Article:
What is in this article?:
- Growth Industry: SNâ€™s Produce Spring Supplement
- Produce Traceability, Immigration Reform
- Drinks With Fresh Ingredients Popular at Restaurants
- Hot Weather Kick-Starts Gardening Season at Lin’s
- Rise in Healthy Home Cooking Spurs Herb Growth
- BrightFarms to Build Largest Rooftop Greenhouse
- Produce Newswatch
ON IMMIGRATION REFORM:
"We’ll remain engaged with key members of Congress to find solutions that address concerns not only about protecting our borders and national security, but also having a workable guest worker program. Without a guest worker solution for agriculture and the produce industry, we just can’t support E-Verify or other measures that disrupt our labor force. It’s a very critical issue for us."
— David Krause, president of Paramount Citrus and incoming chairman of United Fresh Produce Association
BrightFarms to Build Largest Rooftop Greenhouse
By MATTHEW ENIS
NEW YORK — BrightFarms, a designer, financer and operator of rooftop hydroponic greenhouses, has announced plans to build the world’s largest rooftop greenhouse on top of Liberty View Industrial Plaza, a former U.S. Navy building in Brooklyn’s Sunset Park neighborhood. The 100,000-square-foot facility is ultimately expected to grow up to 1 million pounds of produce per year — including tomatoes, lettuce and herbs — which will be sold to local retailers.
“The partnership between BrightFarms and Salmar Properties to build the world’s largest rooftop farm is an exciting new model for sustainable, urban agriculture,” New York City Council Speaker Christine Quinn said in a press announcement. “The farm will contribute meaningfully to the mission of FoodWorks, my vision to improve NYC’s food system by dramatically increasing local food production while positively affecting public health, the economy and the environment.”
The facility will also prevent about 1.8 million gallons of storm water runoff from entering local waterways each year.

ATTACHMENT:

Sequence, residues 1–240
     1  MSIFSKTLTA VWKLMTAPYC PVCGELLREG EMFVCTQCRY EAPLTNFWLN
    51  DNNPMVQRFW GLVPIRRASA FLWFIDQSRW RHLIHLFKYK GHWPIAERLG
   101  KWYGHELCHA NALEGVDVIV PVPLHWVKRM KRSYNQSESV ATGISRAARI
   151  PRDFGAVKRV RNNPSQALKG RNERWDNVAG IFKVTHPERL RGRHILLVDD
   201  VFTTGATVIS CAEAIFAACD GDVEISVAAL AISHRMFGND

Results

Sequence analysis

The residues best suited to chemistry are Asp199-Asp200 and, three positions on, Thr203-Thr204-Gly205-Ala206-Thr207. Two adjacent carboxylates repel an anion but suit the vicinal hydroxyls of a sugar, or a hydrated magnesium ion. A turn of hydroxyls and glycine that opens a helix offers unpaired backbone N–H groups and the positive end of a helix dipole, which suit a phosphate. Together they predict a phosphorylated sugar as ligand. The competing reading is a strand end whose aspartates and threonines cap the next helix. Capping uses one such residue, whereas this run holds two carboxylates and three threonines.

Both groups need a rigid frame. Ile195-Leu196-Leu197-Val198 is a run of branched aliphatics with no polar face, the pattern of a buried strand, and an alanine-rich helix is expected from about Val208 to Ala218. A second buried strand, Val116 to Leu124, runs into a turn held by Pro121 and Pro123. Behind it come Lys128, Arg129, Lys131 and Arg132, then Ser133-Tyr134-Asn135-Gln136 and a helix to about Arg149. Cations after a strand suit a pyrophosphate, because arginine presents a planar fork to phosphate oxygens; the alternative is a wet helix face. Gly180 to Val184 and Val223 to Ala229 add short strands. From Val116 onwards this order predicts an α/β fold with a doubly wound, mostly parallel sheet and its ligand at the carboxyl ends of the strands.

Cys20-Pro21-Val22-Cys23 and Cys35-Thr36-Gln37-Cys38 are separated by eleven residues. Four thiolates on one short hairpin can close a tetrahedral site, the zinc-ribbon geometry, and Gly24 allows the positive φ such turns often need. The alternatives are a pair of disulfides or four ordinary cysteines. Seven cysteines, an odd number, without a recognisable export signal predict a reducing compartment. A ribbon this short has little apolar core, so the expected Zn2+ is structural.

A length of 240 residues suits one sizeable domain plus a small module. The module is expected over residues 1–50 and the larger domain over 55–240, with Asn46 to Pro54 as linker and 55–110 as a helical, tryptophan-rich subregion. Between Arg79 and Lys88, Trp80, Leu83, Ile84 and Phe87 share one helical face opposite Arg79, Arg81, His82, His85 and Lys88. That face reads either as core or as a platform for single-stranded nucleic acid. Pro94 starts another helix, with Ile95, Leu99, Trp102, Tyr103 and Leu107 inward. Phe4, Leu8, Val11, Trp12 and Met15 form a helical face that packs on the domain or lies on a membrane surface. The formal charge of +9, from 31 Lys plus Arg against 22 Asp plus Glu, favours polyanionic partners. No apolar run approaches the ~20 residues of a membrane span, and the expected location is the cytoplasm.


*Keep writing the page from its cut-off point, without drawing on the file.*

The administration of New York Mayor Michael Bloomberg has been making efforts to revitalize Brooklyn’s industrial waterfront, and Paul Lightfoot, chief executive officer of BrightFarms, said that the city had approached his company about developing a greenhouse after the site was zoned for light manufacturing.
“The city of New York and the borough of Brooklyn have been green partners,” Lightfoot told SN. “They brought us into this project, actually. So, in many ways, it’s a model for, we think, other cities that are interested in local food. It’s one of the best public-private partnerships we’ve seen.”
BrightFarms is still a relatively new company. From 2008 through 2010, in its previous incarnation as BrightFarm Systems, the company was a commercial design consultancy that provided support to supermarkets and other companies interested in developing rooftop greenhouses of their own. The current company was formed from a merger of BrightFarm Systems and Better Food Solutions in January 2011, and is now set up to finance and build greenhouses on its own, and then sell the resulting produce to local retailers as part of long-term agreements.
Last October, BrightFarms announced that it had developed one of these arrangements with Langhorne, Pa.-based McCaffrey’s Markets.
“That project is well under way,” Lightfoot said. “We’re going to be breaking ground in late June, and we’ll be shipping to McCaffrey’s stores by the fourth quarter this year. We couldn’t be more excited about it.”
And, the company recently announced that Best Yet, a local New York supermarket chain, had become the first retailer to carry its produce, sourced from a facility in Huntington, N.Y.